Nancy said: Pearl was actually talking about another book written by the Owenses when she mentioned Cry. Interestingly enough, in relation to Cry Pearl said Mark and Delia were “expelled from Botswana” because of this book (Book Lust To Go p 267).
BookLust Twist: from Book Lust To Go in the chapter called “Zambia” (p 266). Confessional: I deleted Cry Of the Kalahari from the true list of books I needed to read for the Challenge because Cry does not take place in Zambia.
So, by the end of November I was a blathering mess, wasn’t I? I know I was. Mea culpa. Three xrays, five vials of blood taken, one CT scan, and two therapy sessions later, here are the updates. The protruding ribs are being blamed on chiropractic appointments even though I felt the rib cage move before I started see Dr. Jim. The nerve pain is being controlled by medication. The spot on the lung and possibly tumor…no results as of today. White blood cell count still elevated. Possibility of cancer…still a possibility.
But. But! But, enough of all that. Here are the books: I have a week off at the end of the month so I am anticipating it will be a good reading month. Here are the books planned:
- Any Old Iron by Anthony Burgess (EB) – in memory of the bombing of Pearl Harbor on December 7th.
- The Dispossessed by Ursula K. Le Guin – in memory of Le Guin passing in 2018.
- Four Spirits by Sena Jeter Naslund – to honor Alabama becoming a state in December.
- The Female Eunuch by Germain Greer – to honor women’s suffrage law.
- Cry of the Kalahari by Mark and Delia Owens (EB) – to honor the wedding anniversary of Mark and Delia.
- Lost Moon by Jim Lovell and Jeffrey Kluger – in honor of the moon landing.
- Stet: an Editor’s Life by Diana Athill (EB) – in honor of Athill being born in December.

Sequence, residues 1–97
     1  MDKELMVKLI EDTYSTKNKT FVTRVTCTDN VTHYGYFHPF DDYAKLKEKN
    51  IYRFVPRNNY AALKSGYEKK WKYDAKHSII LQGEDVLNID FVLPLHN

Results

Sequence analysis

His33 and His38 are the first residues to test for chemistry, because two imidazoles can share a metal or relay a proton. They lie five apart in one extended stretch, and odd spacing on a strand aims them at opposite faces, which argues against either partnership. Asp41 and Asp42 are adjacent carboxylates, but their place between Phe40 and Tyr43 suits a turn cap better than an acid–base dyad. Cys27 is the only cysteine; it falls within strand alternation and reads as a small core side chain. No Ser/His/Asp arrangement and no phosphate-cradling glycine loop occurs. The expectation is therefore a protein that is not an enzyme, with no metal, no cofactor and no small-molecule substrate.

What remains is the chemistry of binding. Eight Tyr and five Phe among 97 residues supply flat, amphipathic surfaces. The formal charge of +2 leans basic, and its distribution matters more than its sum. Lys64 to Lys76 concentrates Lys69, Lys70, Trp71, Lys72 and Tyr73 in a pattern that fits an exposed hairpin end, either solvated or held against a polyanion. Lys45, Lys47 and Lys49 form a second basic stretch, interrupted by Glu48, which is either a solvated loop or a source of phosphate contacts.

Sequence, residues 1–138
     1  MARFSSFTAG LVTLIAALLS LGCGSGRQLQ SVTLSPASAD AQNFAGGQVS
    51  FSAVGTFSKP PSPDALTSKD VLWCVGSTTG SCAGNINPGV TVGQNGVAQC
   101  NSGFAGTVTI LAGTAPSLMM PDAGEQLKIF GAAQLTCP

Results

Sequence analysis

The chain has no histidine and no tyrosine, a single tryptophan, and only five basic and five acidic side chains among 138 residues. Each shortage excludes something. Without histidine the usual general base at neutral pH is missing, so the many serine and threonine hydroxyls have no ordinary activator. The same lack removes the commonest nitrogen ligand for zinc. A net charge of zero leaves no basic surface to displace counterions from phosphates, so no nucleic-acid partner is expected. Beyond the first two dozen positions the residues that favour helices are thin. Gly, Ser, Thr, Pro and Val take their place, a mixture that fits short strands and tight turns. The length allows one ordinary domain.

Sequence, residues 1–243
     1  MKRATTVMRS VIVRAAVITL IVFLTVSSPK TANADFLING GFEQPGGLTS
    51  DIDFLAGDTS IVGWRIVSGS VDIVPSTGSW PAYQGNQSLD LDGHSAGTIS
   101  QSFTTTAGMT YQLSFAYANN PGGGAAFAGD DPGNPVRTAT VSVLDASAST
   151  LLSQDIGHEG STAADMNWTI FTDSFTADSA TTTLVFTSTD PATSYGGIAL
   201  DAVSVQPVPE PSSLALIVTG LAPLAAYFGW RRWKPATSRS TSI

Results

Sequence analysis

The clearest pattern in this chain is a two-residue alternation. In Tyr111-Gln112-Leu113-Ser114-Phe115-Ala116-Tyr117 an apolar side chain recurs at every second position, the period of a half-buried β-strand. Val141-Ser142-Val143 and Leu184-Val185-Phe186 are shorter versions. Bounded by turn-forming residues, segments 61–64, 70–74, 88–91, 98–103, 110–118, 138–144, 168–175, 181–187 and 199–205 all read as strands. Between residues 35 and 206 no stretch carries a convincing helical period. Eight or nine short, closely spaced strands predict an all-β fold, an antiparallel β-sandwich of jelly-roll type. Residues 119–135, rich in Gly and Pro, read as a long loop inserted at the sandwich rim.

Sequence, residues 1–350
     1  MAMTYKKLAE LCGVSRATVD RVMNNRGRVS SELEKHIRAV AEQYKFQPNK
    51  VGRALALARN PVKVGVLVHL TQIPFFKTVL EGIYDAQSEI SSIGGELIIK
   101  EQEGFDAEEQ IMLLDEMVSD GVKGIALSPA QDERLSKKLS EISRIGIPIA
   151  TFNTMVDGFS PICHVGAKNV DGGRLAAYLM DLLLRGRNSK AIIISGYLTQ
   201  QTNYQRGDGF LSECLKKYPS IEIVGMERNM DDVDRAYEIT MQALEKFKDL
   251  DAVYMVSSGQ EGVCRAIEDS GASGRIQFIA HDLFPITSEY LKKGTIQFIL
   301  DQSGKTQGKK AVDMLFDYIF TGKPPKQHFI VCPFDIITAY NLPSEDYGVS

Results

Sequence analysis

- The Subtle Knife by Philip Pullman (AB) – to continue the series His Dark Materials, started in November in honor of National Writing Month.
- The Unicorn Hunt by Dorothy Dunnett (EB) – to continue the series Niccolo House, started in August in honor of Dunnett’s birth month.
Early Review for LibraryThing:
- Squelched by Terry Beard.
If there is time:
- Black Tents of Arabia by Carl Raswan – in honor of Lawrence of Arabia.
- This Blinding Absence of Light by Tahar Ben Jelloun – in honor of Jelloun’s birth month.
I don’t know where to begin with trying to explain October. From the beginning, I guess. It started with a trip home; a lovely week off with lots of reading accomplished. Then it was a New England Patriots football game followed by two Phish shows and a political rally for a state in which I do not live. If that wasn’t weird enough, I hung out with a person who could have raped or killed or loved me to death. Take your pick. Any one of those scenarios was more than possible. It was a truly bizarre month.
But, enough of that. Here are the books:
- Playing for Pizza by John Grisham. Quick but cute read.